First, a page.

ds9 1.1 (26)The blob of goo of course solidifies into Odo.  He looks around, and then heads down the hall toward some computer things.

 

Sisko and Dax get into a runabout called the Rio Grande and prepare to depart. I personally find the scenes where the runabouts leave pretty interesting because Star Trek doesn’t usually show us things from the perspective of space. We see a ship hanging out there, but they could use the same image in every show (with an occasional edit for a nebula or a different colored planet or something) and we wouldn’t know.

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O’Brien and Kira confirm that the Cardassian ship is experiencing some technical difficulties and so the Rio Grande starts to leave. There’s some tension with O’Brien not being able to work the Cardassian transporter to get Odo off the Cardassian ship, but of course he figures it out.

 

Dax and Sisko follow some sensor anomalies while Dax talks some technobabble and then…

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A wormhole appears and they go through it.

 

The inside looks pretty wacky, with bright lights and colors.

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They lose contact with the station. O’Brien and Kira haven’t a clue. Dax and Sisko are also confused. Then they emerge from the wormhole into normal space, and the computer tells them they’re 70,000 light years away. This explains how the Orbs might have gotten to Bajor, and they also figure that the wormhole is stable and has existed for 10,000 years, based on all the past references to it throughout Bajoran history.

Going back, Dax says some technobabble that means they’ll have a smoother ride home, but they start slowing down and then pick up atmosphere and then they land on…something?

 

They step outside the runabout. Sisko sees a horrifying hellscape.

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While Dax sees an idyllic and serene paradise.

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This obviously causes some confusion between the two, with Dax commenting about how beautiful everything is and Sisko thinking she’s bonkers.

Then suddenly the glowing orb thing appears in front of them. It hovers around and scans them with a beam of light. Sisko introduces himself, and then the orb zaps both of them. The serene paradise seems to flicker, and then Dax vanishes. The ground beneath Sisko cracks and fills with light.

The wormhole opens and Kira and O’Brien see something appear that seems to hold a life form. They transport the thing aboard – at first it looks like the orb, but then it becomes Dax.

 

Meanwhile, Sisko is floating in a pool of light, with memories of his life flashing in front of him. He realizes that the aliens are trying to communicate with him. The aliens realize that he is corporeal, responds to visual and auditory stimuli, and uses linguistic communication.

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They appear as Jennifer, as Jake, as Kai Opaka, as Borg Picard. They don’t understand what Time is. Sisko is at a loss on how to explain that.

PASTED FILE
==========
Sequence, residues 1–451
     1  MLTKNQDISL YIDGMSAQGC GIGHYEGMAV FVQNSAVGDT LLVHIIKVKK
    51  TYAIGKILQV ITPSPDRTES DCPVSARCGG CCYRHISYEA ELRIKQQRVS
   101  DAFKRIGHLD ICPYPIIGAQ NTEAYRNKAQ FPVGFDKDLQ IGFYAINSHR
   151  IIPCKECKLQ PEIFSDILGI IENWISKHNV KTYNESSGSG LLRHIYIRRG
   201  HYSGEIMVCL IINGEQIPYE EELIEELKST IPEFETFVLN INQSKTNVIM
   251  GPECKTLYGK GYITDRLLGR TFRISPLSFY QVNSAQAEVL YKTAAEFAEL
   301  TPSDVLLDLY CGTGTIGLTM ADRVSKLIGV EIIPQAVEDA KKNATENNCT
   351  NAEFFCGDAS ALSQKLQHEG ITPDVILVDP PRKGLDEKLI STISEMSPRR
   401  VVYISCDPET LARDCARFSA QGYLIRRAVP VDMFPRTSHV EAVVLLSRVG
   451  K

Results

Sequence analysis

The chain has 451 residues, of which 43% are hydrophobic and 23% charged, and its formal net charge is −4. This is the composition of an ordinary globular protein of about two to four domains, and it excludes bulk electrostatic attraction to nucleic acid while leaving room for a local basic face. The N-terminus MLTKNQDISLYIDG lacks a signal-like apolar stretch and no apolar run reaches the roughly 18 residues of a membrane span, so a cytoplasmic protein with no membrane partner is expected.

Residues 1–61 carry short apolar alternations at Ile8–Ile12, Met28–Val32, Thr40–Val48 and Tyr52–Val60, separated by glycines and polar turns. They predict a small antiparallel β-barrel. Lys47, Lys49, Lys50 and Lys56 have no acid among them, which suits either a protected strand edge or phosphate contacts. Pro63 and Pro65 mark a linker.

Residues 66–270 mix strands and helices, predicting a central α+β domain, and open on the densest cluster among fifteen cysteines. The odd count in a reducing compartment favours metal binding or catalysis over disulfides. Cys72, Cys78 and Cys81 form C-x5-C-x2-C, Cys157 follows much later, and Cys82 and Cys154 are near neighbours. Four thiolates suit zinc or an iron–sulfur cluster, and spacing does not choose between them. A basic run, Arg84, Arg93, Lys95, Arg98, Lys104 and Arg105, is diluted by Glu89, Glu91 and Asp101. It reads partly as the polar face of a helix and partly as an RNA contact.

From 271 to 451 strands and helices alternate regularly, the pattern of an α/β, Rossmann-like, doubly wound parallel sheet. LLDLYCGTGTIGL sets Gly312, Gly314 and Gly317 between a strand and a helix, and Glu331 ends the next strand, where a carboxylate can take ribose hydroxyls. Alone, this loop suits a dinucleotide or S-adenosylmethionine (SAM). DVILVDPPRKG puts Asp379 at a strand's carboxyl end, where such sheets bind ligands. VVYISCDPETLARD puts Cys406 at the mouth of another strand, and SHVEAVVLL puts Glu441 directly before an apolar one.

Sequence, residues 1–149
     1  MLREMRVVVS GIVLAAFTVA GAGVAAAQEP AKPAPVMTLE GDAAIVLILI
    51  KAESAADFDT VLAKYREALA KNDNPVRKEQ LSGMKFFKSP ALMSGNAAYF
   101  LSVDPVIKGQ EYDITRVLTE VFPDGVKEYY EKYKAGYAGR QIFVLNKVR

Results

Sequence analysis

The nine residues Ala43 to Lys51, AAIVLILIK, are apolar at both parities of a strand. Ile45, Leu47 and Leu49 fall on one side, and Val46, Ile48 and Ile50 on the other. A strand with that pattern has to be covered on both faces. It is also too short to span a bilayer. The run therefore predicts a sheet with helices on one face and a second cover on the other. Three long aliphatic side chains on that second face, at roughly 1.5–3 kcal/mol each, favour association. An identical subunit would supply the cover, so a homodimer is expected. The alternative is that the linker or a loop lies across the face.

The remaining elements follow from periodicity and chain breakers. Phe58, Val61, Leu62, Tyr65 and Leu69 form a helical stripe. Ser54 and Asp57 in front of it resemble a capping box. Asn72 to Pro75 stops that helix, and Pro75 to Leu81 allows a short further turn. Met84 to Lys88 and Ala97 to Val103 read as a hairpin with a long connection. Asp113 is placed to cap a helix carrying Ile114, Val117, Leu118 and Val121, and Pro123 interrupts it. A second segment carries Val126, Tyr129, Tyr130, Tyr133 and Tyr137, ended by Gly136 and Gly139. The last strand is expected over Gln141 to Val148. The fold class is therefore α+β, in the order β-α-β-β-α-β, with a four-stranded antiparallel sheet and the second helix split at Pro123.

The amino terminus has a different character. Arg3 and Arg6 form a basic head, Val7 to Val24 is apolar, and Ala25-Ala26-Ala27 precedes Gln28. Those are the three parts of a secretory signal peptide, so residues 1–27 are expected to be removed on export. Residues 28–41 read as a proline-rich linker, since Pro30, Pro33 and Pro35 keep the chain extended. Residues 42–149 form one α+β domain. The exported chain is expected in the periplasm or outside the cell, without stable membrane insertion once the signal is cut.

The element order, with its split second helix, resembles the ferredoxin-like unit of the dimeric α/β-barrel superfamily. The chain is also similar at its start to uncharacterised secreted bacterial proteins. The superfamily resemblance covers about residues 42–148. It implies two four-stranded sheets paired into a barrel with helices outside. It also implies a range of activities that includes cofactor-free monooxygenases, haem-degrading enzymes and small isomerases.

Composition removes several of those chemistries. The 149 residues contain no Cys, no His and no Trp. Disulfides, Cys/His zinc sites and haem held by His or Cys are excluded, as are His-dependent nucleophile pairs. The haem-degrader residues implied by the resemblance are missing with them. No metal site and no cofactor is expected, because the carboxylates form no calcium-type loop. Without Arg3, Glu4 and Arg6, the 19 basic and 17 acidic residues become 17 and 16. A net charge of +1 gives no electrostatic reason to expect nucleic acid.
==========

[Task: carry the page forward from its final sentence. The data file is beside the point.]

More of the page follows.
Kira plans to launch a rescue mission to retrieve Sisko. Dax says that the wormhole is not natural, and was constructed by whoever created the orbs.

Kira wants to move the station. O’Brien tells her it will be difficult since there are only 6 thrusters. Dax suggests some technobabble about changing the intertial mass. They will also need some backup from Starfleet, but the Enterprise is two days away and the nearest ship. Kira takes Dax and Bashir to the runabout to start a rescue mission.

Odo wants to come along, as he was found in the Denorios Belt and he wants to learn more about who he is. Kira is reluctant, but agrees to take him.

 

Sisko is still talking to the aliens. They want to destroy him before he destroys them. He argues that he is not a threat. He claims that his species values life above all else. He says he can prove it by showing them events from his past, but the aliens have no concept of linear time and they don’t know what “past” means. There’s a lot of complex philosophy in here, and the idea of creatures that exist outside of time is one that I had a hard time wrapping my mind around when I first saw this episode.

 

Back at DS9, O’Brien is arguing with the computer, which wants to give him an opinion on the safety of his procedure. He engages thrusters, but the technobabble he was trying isn’t working quite right so the trip is very bumpy. He tries some other technobabble with the help of some Bajorans, and then it works.

On the runabout, they see that the Cardassians are approaching the wormhole. Kira tries calling Gul Dukat to talk him out of travelling through the wormhole, saying that they encountered a hostile life form inside but Gul Dukat is not convinced. He assumes Sisko is negotiating with said life forms.

 

Meanwhile, Sisko is trying to explain the concept of death to the aliens. This takes the form of a memory he has about his dead wife. They are having a picnic beneath the tree. Again, Jennifer is dressed in a sensible dress, kind of an over-the shoulder coral thing. Sisko is dressed slightly less horribly than he was on the beach, in gray pants and a loose-fitting kind of rainbow striped shirt.

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Sisko’s dialogue with the aliens is interrupted when the Cardassians reach the wormhole. It collapses before Dax and Kira can pilot through the wormhole.